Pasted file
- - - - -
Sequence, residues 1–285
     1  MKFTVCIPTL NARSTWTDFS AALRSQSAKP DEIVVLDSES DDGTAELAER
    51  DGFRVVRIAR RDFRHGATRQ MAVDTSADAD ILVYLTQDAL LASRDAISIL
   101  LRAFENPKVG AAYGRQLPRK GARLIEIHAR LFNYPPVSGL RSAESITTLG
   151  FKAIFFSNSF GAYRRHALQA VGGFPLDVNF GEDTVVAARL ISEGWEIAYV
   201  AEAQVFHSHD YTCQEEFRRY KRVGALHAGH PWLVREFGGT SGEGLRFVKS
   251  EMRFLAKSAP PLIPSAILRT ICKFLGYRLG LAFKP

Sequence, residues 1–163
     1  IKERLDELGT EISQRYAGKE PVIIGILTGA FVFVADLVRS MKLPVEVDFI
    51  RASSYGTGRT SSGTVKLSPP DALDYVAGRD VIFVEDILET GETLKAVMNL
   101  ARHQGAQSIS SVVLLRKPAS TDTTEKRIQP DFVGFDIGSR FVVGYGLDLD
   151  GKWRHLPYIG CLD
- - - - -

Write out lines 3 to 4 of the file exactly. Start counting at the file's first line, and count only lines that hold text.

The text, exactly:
    51  DGFRVVRIAR RDFRHGATRQ MAVDTSADAD ILVYLTQDAL LASRDAISIL
   101  LRAFENPKVG AAYGRQLPRK GARLIEIHAR LFNYPPVSGL RSAESITTLG